How It Went Down by Kekla Magoon

magoon_howwentdownMagoon, Kekla. How It Went Down. New York: Henry Holt, 2014. Print.

Genre: YA (Rashomon)

Summary: The tragic shooting of a young black man rips apart an inner city neighborhood. The white man responsible for the killing walks free. Sound familiar? Sadly, this tragic scenario expends gallons of newspaper ink and hours of news coverage across the country as it plays out again and again in real life. Magoon captures the pain and confusion behind the headlines. No wonder this book received honors from the Coretta Scott King Book Awards!

Critique: Magoon is a careful, thoughtful storyteller, unwrapping each layer of the event. The “facts” replay and evolve as readers view the tragedy through the eyes of a different witness or participant. Over the course of subsequent re-tellings, a Rashomon effect causes every version to slightly or significantly contradict all other versions. Details abound, and yet, all they do is muddy the already rippled waters.

Truth turns slippery and smokey the more readers and characters try to understand why Tariq Johnson was shot. The shooter insists his actions were defensive, even heroic, removing yet another violent gang member from the streets. But other witnesses swear that Tariq had zero involvement with gangs. That he was holding a candy bar, not a gun. Motives and emotions obliterate memories and gradually erode the narrative until all that’s left is intense grief and fear.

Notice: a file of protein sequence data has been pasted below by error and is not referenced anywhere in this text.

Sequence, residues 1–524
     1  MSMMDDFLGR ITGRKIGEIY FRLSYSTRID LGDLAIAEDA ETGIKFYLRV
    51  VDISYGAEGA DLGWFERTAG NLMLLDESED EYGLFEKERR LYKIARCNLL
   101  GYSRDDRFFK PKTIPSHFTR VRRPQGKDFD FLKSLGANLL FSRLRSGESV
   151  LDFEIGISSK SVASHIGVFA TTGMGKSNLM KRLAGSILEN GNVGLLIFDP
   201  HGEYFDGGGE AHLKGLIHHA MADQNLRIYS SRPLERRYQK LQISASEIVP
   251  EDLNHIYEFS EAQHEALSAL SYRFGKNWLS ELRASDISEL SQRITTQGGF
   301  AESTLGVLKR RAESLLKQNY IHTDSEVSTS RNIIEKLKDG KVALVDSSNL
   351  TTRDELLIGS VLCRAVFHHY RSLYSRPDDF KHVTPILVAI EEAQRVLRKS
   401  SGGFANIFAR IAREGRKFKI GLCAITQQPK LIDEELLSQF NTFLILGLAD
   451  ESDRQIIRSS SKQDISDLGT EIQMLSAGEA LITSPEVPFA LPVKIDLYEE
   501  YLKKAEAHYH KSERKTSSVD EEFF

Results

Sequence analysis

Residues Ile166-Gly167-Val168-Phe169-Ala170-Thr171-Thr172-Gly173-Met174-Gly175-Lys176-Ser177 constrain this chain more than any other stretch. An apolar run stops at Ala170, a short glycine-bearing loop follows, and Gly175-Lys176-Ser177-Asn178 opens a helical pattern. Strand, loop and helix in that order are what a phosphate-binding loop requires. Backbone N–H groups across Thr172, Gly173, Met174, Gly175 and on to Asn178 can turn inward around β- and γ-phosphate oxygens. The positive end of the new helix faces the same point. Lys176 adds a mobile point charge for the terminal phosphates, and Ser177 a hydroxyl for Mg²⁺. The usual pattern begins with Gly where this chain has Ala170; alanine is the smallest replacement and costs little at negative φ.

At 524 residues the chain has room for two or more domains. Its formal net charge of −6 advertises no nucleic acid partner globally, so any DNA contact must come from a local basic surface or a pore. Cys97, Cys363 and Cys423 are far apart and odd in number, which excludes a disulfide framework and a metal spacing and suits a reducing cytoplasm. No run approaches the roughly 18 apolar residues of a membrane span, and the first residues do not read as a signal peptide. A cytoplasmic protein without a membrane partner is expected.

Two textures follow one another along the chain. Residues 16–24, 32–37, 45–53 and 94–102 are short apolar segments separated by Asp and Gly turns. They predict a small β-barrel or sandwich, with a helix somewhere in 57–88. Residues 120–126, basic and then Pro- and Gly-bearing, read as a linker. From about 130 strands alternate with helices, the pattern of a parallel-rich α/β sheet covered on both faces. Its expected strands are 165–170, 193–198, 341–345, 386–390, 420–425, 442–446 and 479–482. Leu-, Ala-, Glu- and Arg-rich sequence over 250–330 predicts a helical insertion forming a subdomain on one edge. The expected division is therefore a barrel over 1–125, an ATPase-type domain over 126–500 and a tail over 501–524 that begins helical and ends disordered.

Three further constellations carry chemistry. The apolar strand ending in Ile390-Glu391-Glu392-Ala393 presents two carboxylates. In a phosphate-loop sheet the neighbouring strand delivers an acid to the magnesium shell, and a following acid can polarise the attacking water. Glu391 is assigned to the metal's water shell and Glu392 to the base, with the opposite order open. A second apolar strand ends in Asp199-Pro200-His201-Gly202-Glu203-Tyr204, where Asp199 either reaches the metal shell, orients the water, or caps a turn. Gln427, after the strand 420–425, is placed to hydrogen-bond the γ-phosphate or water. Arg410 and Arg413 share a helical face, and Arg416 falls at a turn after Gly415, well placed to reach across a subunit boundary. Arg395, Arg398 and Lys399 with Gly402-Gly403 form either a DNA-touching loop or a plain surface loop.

Most frightening of all is how the human mind often has no inkling its memories and perceptions have been warped over time. Truth wears countless, tricky masks.

By jenmichellemason

Jenny is a story hunter. She has explored foreign countries, canyon mazes, and burial crypts to gather the facts that make good stories. Once, she sniffed a 200-year-old skull...for research purposes. Jenny received an M.Phil from Trinity College Dublin and holds an MFA in Writing for Children and Young Adults from VCFA. She has authored nearly 20 STEM books for young readers. Her inquisitive and funny nonfiction articles have appeared in Mountain Flyer, Cobblestone, and Muse magazines. Jenny also works as a freelance copy writer for nonprofits and small businesses.

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